Welcome to our gardening adventure, let’s grow it together!
This is the month to start pruning and shaping your roses. You want to create air flow and shape to your rose bushes, which help their health and beauty. With up to 230 species of roses to choose from, they are a fun plant to care for and the rewards are so great in beauty, health and scent.
You might be asking, “What is she saying? What about the thorns and the diseases rose bushes get and how is that fun?” Yes, there is a bit of work involved when caring for roses, but there are many ways to help fight black spot and aphids, etc. There are also countless ways to enjoy them, aside from the beauty they add to your garden. You can create miniature rose gardens (which I’ll share more about in a moment) or dry the buds and partially opened blooms to accent gifts and decorations.
In Sonoma County, because of our mild winters, we need to trick our roses into hibernation.
1.Strip away leaves to see canes. We want to create a bush that is vase shaped and open for air flow.
2.Cut all branches and stems to around half or a little lower. Remove all canes that are tangled, dead wood or skinny. Leave five or six main canes coming from base of plant that are facing out. Remove any suckers from around base of plant. Prune to outward facing bud nodes.
3.Clean all leaves and debris from around base of rose bush.
4.Spray with a copper-based fungicide approved for organic gardening such as Bonide Liquid Copper Fungicide.
5.Mulch with organic compost or an organic soil booster.
6.Fertilize with an organic fertilizer such as EB Stone Organic Rose & Flower Food.
Health benefits of rose petals: they contain polyphenols, which protect our cells from free-radical damage. Using the petals also has been shown to:
– Reduce risk of heart-disease
-Aid in diabetes management with hypoglycemic properties in the rose petals
-Aid in weight-loss by reducing the accumulation of LDL (Low-density lipoproteins or bad cholesterol)
-Aid in digestive disorders
-Act as a natural sedative that can reduce stress and calm the nerves
Happy garden, beautiful garden – non-hybridized roses attract a variety of bees, moths and butterflies, to name a few. Hybridized roses have less fragrance, nectar and pollen and therefore are not as good for attracting pollinators. Good pollinating plants that complement roses and keep blooming when the roses are not in bloom include salvia, monarda and agastache. A benefit of having more than just roses in your garden is that other plants will draw beneficial insects, such as syrphid or flower flies to the garden. The adult syrphid flies feed on pollen and nectar and while during the larval stage, they feed on aphids and other soft-bodies insects which love to suck all the goodness out of your roses.
Rose petals can infuse liquids with flavor, be made into a syrup, drunk fresh or dried for tea – (try adding dried chamomile and lavender to the rose petals to make a great before bedtime drink), tossed with sugar to be used in cakes and desserts; and accent and beautify a salad. Also, rose hips contain some of the highest quantities of vitamin c as well as similar benefits as the petals and can be made into a delicious tea. Rose water or oil improves the quality of our skin, so add rose oil to your favorite lotion and cleanse your skin with rose water.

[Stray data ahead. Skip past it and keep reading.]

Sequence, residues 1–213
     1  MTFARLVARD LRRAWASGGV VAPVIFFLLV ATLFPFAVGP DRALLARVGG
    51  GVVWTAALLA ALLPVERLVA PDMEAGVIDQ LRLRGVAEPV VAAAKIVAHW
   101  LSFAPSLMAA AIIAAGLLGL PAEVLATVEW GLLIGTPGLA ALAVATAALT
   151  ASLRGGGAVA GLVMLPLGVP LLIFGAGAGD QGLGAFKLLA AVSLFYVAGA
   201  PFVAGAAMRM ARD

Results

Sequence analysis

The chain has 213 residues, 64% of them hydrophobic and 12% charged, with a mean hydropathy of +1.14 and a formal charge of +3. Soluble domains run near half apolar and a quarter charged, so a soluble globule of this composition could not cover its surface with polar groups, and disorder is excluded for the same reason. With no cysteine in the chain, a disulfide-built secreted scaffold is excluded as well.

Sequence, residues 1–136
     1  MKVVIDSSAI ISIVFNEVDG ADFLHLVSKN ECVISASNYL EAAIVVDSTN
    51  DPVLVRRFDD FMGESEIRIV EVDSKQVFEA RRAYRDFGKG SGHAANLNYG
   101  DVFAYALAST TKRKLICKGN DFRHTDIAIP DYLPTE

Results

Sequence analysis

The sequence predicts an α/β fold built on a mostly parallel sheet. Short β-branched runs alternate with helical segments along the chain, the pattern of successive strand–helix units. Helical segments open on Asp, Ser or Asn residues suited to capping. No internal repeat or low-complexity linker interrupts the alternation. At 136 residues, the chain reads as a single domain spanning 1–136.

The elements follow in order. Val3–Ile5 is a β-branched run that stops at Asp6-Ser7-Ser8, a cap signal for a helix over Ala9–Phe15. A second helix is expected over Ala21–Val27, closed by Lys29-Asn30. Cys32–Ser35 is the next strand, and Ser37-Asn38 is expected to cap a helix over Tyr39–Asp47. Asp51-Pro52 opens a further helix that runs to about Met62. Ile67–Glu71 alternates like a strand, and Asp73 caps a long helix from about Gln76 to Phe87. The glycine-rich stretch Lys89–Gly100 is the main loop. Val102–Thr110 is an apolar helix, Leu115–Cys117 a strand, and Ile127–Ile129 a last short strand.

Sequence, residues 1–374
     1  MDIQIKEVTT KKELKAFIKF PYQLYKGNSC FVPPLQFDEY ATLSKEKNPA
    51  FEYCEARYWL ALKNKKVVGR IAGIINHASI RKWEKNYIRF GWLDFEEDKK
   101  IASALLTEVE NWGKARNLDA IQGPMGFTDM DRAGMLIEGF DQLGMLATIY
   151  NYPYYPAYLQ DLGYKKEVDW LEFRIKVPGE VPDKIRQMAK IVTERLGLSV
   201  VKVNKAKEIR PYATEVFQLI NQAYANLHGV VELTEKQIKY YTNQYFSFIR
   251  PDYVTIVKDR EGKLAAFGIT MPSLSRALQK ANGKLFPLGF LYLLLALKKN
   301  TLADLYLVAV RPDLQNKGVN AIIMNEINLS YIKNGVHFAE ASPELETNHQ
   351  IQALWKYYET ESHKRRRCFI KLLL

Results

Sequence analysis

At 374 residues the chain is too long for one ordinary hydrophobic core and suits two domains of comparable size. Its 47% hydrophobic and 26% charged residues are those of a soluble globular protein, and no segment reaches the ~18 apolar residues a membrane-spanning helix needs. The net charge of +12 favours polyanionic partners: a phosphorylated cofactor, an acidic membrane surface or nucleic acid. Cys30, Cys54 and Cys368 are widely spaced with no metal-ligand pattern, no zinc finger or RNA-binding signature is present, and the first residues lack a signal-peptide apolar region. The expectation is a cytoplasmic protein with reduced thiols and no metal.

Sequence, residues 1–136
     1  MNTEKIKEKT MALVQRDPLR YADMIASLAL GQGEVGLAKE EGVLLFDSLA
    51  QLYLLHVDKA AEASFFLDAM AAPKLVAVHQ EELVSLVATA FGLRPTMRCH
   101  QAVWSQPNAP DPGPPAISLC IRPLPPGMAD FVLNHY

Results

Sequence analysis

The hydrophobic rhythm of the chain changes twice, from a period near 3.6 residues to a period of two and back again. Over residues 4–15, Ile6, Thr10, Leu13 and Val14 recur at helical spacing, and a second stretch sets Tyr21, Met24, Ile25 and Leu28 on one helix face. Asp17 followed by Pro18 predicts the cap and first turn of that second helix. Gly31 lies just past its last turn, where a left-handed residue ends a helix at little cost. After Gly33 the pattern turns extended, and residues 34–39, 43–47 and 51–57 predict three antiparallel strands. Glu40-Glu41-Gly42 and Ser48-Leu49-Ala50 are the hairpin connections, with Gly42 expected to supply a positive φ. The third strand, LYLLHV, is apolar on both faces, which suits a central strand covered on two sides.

If you like the idea of creating a bonsai or miniature rose garden, either pick up one of the small rose bushes at the grocery store or plant center. You can also start from ‘scratch’ by clipping a cutting from your favorite rose bush. Using a rose with small leaves and flowers also works well.
Creating your bonsai rose garden using a cutting:
1.Count down five leaf sections and cut below.
2.Cut off most of the leaves except the top one or two leaves.
3.Create a hole (chopsticks work well) in potting soil in a 4” or larger pot and gently put rose stem a few inches below surface of soil.
4.Water and keep soil slightly moist. Don’t let it completely dry out.
5.Wait until new leaves form and it becomes established before transferring to a bonsai or similar planter.
6.Fertilize once a month with solid organic fertilizer or liquid fertilizer every week. If leaves turn pale use extra iron fertilizer.
7.When rooted and established, gently remove rose plant from the pot. Chose a bonsai pot or something similar with holes. Wire in a small metal screen to block holes. Check online for best way to do this. Gently trim roots from tiny rose bush and place in bonsai pot and fill with bonsai soil.
8.Water approximately once a week. When established, you can submerge the whole plant in a bucket of water. When air bubbles have risen to the top, the bonsai has had enough water.
I am experimenting with adding other plants such as honey suckles to my little garden. You can also find tiny lawn ornaments and furniture that really add to the ambiance of your garden. Please email me and let me know how it is going with your little garden and what other plants and ornaments you have been able to add.
1.Gently thin out and prune dormant conifers
2.Cut back ivy so that rodents don’t find a home under the foliage (Imagine having rat races under your ivy!). Rats love to forage on your garden plants, so you don’t want to create a rat city close by in a thick patch of ivy.
3.Purchase bare root plants such as fruit trees, shrubs and roses. If unable to plant at the moment put the roots of the plant in a bucket of water and plant as soon as possible.
4.Clean, oil and store tools out of the rain and moisture.
5.Have fun playing with more garden designs.
Please email your gardening thoughts and questions to Val at firstname.lastname@example.org. Together we can help each other find solutions to our gardening needs and dreams.
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